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"It's a good time to leave. St. Patty's Day in Boston is dangerous for a non-denominational drunk like me..."

taco tuesday
fiction from laine perry


True Beauty is a bartender over at J.T. Cavanaugh's place. I go over there every Tuesday for tacos. If a bar doesn't have tacos on Tuesday's I can't get behind it, even if it's an Irish bar. The first time I bought a drink at J.T.'s they were serving green beer which was all right by me. I don't care what color my beer is. Beer is beer. It so happened that night was a Tuesday, and the only thing to eat in the place was a bag of Cheetos that'd been handled, considered, and decided against by I'm guessing, at least a third of the regulars. That might have been my last drink at Cavanaugh's despite the proximity to the dry cleaner I slave for. I had set my money on the bar along with a suggestion I had scratched on a bar nap, “Taco Tuesdays!” I was holding the brass door handle in full view of the parking lot when I hear a shout like a war cry, “Gaucho!” He's paunchy but tall. His hair is thinning. He has eyes like my dad's. They twinkle as if the money ran out long before the mirth would. “Not a bad idea,” he shouts. It's a good time to leave. St. Patty's Day in Boston is dangerous for a non-denominational drunk like me.

I come back in the next week and True Beauty introduces himself to me and untying his apron asks me to mind the bar and the nodding heads on my side of it. I'm off work maybe ten minutes and working again, this time for free. The guy next to me has a 1.1 inch line of spittle hanging suspended from his left jowl. If it would result in the change I want I'd suggest the guy switches that drool to the right. It's hard for me to choke food down without that type of thing screwing with my appetite. I need at least three or four drinks before I can get a sandwich past my mouth. I wonder what I am supposed to do, serve myself a draught? Before I can commit any serious crime True Beauty's standing in front of me with a lump of raw hamburger under his wing and a head of lettuce in his enormous, outstretched palm. “Here you go Gaucho, you know how to put this together?”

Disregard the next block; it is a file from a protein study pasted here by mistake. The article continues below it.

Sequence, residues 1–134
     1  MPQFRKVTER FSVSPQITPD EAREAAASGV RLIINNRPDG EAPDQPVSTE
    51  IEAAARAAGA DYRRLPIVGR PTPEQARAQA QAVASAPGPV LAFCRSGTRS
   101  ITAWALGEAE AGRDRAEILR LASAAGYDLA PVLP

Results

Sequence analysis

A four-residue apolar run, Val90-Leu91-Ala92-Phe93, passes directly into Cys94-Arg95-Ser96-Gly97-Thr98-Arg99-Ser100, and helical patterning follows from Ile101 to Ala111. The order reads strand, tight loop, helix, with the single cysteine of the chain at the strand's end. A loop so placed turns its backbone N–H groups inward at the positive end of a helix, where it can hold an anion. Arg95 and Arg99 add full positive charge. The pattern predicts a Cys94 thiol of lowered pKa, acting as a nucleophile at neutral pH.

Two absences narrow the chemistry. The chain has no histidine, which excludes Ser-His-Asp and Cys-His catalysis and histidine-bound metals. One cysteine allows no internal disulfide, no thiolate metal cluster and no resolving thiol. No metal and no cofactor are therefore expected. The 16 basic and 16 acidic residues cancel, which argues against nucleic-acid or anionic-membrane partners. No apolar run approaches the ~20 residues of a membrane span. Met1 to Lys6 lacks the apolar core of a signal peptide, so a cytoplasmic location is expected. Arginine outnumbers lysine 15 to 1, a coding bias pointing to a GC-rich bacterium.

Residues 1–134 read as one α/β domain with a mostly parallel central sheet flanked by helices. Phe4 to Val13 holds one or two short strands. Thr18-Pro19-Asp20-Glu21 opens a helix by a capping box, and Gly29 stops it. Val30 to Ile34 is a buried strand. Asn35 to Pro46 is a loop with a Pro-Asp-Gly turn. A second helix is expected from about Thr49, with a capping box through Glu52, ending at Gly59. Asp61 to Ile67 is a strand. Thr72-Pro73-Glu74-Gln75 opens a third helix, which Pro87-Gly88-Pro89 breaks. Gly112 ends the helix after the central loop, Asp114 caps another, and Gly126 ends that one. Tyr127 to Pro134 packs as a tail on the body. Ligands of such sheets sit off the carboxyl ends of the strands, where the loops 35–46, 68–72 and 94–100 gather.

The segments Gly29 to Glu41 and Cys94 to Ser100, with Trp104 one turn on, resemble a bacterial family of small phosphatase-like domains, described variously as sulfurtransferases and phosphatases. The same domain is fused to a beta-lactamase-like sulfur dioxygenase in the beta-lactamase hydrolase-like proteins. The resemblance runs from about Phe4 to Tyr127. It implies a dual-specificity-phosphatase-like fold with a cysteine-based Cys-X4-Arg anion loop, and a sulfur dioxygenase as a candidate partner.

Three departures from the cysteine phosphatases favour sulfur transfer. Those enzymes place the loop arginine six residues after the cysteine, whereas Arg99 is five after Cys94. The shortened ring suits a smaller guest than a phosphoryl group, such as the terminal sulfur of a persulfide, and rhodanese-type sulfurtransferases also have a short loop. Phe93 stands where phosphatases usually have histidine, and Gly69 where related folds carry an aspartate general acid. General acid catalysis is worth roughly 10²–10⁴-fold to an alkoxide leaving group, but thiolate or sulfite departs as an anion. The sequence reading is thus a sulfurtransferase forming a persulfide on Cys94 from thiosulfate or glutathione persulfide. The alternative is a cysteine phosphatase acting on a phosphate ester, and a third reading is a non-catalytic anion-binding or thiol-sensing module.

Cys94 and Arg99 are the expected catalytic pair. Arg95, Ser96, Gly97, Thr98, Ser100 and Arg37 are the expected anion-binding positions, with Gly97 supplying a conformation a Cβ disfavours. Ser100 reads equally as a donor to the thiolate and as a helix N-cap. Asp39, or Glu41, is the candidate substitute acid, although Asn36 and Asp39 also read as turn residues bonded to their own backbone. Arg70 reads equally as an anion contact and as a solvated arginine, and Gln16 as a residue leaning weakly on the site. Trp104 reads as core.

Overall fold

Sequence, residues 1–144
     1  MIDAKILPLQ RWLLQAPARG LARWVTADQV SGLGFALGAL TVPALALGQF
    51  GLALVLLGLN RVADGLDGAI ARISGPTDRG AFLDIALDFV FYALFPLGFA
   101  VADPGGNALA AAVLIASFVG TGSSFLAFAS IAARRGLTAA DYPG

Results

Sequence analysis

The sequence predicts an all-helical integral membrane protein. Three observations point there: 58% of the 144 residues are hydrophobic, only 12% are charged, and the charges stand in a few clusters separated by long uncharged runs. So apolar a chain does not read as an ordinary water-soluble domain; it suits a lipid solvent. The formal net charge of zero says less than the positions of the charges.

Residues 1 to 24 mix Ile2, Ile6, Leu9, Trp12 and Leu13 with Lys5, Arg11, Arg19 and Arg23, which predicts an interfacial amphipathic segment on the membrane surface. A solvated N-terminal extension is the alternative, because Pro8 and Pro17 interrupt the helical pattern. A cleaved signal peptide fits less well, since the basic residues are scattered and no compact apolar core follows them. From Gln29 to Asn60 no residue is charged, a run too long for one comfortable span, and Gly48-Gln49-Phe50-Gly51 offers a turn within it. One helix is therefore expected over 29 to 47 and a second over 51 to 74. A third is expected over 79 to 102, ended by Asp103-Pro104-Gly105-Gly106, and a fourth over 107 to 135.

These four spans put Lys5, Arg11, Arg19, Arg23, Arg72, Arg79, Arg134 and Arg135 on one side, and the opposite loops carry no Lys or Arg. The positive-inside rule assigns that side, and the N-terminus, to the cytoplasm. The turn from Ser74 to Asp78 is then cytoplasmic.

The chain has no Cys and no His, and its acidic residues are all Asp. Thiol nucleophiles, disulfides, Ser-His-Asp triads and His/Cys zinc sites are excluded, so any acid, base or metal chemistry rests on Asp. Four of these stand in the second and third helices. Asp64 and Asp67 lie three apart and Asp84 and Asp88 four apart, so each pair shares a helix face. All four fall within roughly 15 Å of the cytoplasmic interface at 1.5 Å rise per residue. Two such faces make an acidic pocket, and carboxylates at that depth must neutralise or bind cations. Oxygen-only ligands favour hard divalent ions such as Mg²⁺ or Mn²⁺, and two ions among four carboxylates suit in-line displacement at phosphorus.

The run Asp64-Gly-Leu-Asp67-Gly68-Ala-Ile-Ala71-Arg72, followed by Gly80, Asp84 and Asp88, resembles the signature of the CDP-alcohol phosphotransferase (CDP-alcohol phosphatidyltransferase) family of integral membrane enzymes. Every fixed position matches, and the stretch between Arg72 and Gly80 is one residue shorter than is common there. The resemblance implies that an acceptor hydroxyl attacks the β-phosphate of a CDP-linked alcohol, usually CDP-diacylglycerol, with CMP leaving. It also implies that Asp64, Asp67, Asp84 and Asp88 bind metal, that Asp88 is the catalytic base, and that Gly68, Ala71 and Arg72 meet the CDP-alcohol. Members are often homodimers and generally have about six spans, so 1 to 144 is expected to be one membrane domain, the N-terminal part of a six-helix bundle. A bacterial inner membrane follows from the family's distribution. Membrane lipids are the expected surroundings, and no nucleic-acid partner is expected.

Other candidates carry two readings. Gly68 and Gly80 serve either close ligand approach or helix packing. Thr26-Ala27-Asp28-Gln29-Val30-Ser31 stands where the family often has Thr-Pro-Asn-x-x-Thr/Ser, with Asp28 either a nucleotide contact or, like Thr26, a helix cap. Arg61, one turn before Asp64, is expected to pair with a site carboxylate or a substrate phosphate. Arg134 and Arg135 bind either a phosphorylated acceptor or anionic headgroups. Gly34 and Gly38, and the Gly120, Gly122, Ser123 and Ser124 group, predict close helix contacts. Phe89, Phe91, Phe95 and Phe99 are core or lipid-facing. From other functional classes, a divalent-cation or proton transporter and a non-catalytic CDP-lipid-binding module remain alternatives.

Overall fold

True Beauty didn't have devastatingly good looks. The more I looked at him, the more stories he told, the more handsome he became. He was a sincere listener. I could tell him things I didn't think I'd remember myself once the alcohol wore away. Some times True Beauty would correct me. Facts about my own family, about my history, he would have memorized these. For instance he would know whether it was an empty bottle of Wild Turkey that my father had had his throat slashed with, or some other brand. That's the quality women always say they wish they could find in a man. Women were looking for a man who cared enough to remember the details of each individual he came across, or at least her details, her history.

True Beauty has a girlfriend but he doesn't like her. She's wiry with faint acne scars and a long, black bristled mane that trips her a little if she's had too many grasshoppers. She wears red wranglers that might have fit her back in the seventh grade, before she gave up her short academic career. She's supposed to be some type of poet or so goes the local lore, or at least a few opaque comments in the men's room. She was to give a reading tonight. She gave us two badly garbled lines and booked it to the ladies and then out to her blue bug in the parking lot. That's the problem with her; she doesn't make much of an effort. She sobered up and came in for another try but True Beauty wouldn't have it. He put her to work chopping onions for the tacos. Whatever is going on back at True Beauty's place must make it a prickly place for a man to lie down. One of these nights I'm going to ask him to explain it to me. I don't want to put him off me though. I want this night, this continuity, and these tacos.

(illustration: kurt eisenlohr)


I drink too much. I'm cranky, and I laugh all of the time. I only have one pair of shoes: black converse. When I grow up I'm going to comb my hair and smoke a hooka. More of my stories can be found in the Smokebox Archives.

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©2009 Laine Perry • Smokebox
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